Africa: Nigeria’s capital city, Abuja in urgent need of more infrastructures to accommodate growing number of artists and art works


A Nigerian columnist, and member Thisday Editorial Board, Aisha Shuaibu has canvassed for a conducive environment where artists can ply their trade in the Federal capital territory, Abuja.

In a write published in Thisday Newspaper, she said, the city is in dire need of more infrastructure to accommodate the growing number of artists and their art works scattered all over the capital.

Read the full article below…

As the modern city it was designed to be, the Federal Capital does well in recognising and promoting African artists, particularly local ones. The city is filled with art lovers who regularize exhibitions, festivals, and creative spaces where they socialise, celebrate and support African art.

It has become a culture within the creative community to seek out the best and experience their work together. These local artists and artisans are majorly made up of low-income earning Nigerians, reliant on their work to earn a living. They do this through commissioned work or the sale of their sculptures, paintings, woven baskets, beadworks, precious gems, tie-dye clothing attires, and a variety of other artefacts.

More than often, the spaces these local artists work in are temporary structures that are a moving target for regulatory boards and agencies who rightly do their job in clearing illegal structures in the city. Arts and crafts villages are loved and frequently visited by Abuja art lovers, however, there seem to be more artists than there are art villages to house them. Artists with no permanent spaces to work in are displaced every few years, posing an issue to their sustainable growth. The potential of these artists to grow into more established businesses can only be achieved through proper regulation and management by the responsible MDAs.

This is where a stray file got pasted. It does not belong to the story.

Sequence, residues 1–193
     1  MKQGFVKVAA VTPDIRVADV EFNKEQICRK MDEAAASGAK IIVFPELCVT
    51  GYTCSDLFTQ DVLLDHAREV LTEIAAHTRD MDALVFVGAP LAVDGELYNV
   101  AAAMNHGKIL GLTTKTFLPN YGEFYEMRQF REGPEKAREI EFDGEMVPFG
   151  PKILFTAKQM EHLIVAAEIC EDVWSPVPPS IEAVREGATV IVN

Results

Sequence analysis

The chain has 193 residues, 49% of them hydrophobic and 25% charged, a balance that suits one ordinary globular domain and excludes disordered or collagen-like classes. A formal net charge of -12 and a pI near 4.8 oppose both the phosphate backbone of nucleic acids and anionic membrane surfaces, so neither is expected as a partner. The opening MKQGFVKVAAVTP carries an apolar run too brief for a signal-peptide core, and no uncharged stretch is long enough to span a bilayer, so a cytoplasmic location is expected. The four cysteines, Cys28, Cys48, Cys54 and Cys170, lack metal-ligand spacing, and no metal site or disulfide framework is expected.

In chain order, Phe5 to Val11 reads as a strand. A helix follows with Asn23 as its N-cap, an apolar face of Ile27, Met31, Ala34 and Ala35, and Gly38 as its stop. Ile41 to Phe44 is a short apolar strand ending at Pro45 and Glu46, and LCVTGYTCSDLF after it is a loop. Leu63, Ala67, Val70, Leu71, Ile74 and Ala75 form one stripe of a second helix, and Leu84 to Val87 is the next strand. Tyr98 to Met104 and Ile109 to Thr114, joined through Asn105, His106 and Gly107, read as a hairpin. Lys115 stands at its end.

The National Council for Arts and Culture (NCAC) is one of the 21 departments and agencies under the Ministry of Information and Culture, founded for the preservation and promotion of the creative arts for sustainable growth and development in Nigeria.

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Agencies with related mandates are the National Gallery of Art (NGA) and the Center for Blacks and African Arts and Culture (CBAAC). Although these bodies all exist under the regulation and management of the Ministry, the creative community continues to experience setbacks such as access to infrastructure to accommodate the vast and versatile artists and artisans, a database and regulatory formula to ensure that they are operating credible and tax compliant businesses, and access to funding to harness, empower and develop their crafts.

The impact of the preservation of our local artists and artisans on the community that enjoys and supports them is the overall development of the creative industry as a whole. Structure is key in fixing the ecosystem of any industry.

The most recent incident reported out of the Abuja creative community was the demolition of the Jabi Art Village, which was awkwardly located along the airport road of the Jabi / Lifecamp district.

The art village showcased a collection of locally produced, mostly handmade artefacts of fine quality and attracted customers including foreigners to its space made up of what some called “ideal souvenirs from Nigeria”. Some of the benefits of an art village are its contribution to culture and tourism, and the exposure it gives to the quality of our local raw materials.